Spring simulation

  • Last Post 02 May 2018
sageblade posted this 21 April 2018

I have a system with a spring inside a housing. The housing has a notch that fits the spring inside, and is slightly wider than the spring (front view). The depth of the notch is about half the spring diameter, so the spring sticks out about halfway (side view). The top and bottom of the spring contact the edges of the notch(top and bottom), which hold it in place. There is a second housing that goes over this, with a similar notch for the spring. This piece moves up and down, compressing the spring as it moves down. There is an issue with the springs bending up on the side of the housing. My thought was that this is happening because the notch in the housing is too wide, thus allowing the spring to sit in the housing at an angle, which eventually catches the wall and starts bending the spring. 

I want to try to simulate this behavior to verify my theory, but I've never done any sort of spring simulation before and have no idea where to start. Any pointers on how to go about this?

Also, sorry if the description was incredibly confusing, I don't really have any pictures that I can attach. 

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peteroznewman posted this 22 April 2018

sageblade, you could make a rough illustration using SpaceClaim, which you have used before.

To model the spring, create a helix curve and mesh that with beam elements with a circular beam cross section that matches the wire diameter used to make the spring. Since this is a compression spring, there are four ways the ends can be finished. Which end do you have?

Do the ends of the spring make contact with the flat bottom face of a blind hole?  Is that the "notch" you are talking about?

For closed ends, the curve has to transition between the helix angle of the body of the spring and the flat end of the spring. That is a bit more work in geometry editing.

That beam element based spring can make contact with the sides of the housing, including the edges of the holes where the spring is captured, and can be compressed when one housing moves toward the other.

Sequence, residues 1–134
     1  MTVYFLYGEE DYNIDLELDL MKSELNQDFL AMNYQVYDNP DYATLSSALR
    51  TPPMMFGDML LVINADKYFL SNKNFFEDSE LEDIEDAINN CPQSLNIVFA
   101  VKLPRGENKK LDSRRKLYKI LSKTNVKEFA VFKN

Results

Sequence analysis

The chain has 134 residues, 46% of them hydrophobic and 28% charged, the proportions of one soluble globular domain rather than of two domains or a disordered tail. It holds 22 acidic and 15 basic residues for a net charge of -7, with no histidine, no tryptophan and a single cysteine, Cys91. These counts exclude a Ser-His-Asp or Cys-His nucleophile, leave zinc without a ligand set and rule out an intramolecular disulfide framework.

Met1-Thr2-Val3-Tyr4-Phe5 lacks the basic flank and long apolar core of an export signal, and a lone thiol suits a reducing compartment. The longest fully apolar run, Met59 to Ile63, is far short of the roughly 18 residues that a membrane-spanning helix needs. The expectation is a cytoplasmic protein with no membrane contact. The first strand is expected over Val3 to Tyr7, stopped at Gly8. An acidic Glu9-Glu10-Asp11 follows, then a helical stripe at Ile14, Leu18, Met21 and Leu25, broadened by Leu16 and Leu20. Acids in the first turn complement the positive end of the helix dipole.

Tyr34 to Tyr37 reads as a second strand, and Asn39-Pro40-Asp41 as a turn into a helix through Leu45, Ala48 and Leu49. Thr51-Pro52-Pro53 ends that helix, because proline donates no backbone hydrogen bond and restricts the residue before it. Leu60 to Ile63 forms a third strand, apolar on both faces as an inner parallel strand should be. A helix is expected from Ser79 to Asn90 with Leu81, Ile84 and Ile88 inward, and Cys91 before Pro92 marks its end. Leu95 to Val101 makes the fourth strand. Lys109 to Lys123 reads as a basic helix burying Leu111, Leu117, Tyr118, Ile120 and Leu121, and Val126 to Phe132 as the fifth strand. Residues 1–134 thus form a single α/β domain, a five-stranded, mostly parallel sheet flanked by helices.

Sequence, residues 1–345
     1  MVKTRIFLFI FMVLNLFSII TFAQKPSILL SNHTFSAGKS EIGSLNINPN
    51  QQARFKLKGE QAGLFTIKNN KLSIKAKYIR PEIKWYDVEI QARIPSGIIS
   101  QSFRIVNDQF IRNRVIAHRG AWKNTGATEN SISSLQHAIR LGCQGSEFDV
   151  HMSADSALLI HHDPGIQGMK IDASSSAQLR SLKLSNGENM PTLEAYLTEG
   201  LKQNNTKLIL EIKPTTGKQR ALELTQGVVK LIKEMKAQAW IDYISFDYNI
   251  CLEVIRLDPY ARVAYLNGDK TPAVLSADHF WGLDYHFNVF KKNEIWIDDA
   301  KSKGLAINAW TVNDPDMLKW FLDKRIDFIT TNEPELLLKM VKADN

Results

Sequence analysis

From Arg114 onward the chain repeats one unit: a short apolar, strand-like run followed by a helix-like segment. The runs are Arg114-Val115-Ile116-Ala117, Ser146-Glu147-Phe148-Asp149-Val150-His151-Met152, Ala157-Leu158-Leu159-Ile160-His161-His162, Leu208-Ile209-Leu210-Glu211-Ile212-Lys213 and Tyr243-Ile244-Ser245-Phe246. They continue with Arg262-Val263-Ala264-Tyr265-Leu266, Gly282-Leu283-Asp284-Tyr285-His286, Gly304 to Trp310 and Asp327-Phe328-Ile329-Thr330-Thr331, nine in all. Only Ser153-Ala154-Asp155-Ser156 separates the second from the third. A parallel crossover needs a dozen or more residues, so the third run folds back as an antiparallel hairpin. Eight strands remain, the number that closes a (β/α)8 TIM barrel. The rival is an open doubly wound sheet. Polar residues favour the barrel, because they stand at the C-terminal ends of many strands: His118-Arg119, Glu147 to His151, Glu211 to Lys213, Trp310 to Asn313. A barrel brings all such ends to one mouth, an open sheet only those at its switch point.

Clearly, closed end springs are going to stay in a mostly straight line, while an Open non-ground spring is going to have an off-center force that creates a moment that will cause the spring center to bow to the side and make it more likely to catch the edges of the hole it sits in. This effect may depend on the angle around the spring circumference where the open ends terminate. Are they on the same or opposite sides of the spring diameter?

The is also the consideration of the buckling load of the spring.

sageblade posted this 01 May 2018

I finally finished the modeling for this and tried to do a simulation, but it's not treating the spring like a spring. The outer housing gets pushed down, and it should push the spring with it, but the spring in the simulation won't compress. I've attached the file if you could check it out and offer some tips.

Attached Files

peteroznewman posted this 02 May 2018

I have AIM Student 19.0 installed and I downloaded your wbpz file but it gives me an error when I try to open that file in AIM.
I know that you have AIM because when I tried to restore the archive in Workbench, it told me to use AIM.

I had a similar problem with another member's AIM archive.  Please try creating a zip file of the folder where this AIM project is saved. I mean the folder holding the container.wbpj file and the container_files folder then attach that zip file instead.  But only make the zip file after you have closed AIM.

Another method to get some information passed along is when SpaceClaim is open, use Model, Export and save the geometry to a file.  I created an AIM 19.0 project called block. See if you can open this in AIM.

Attached Files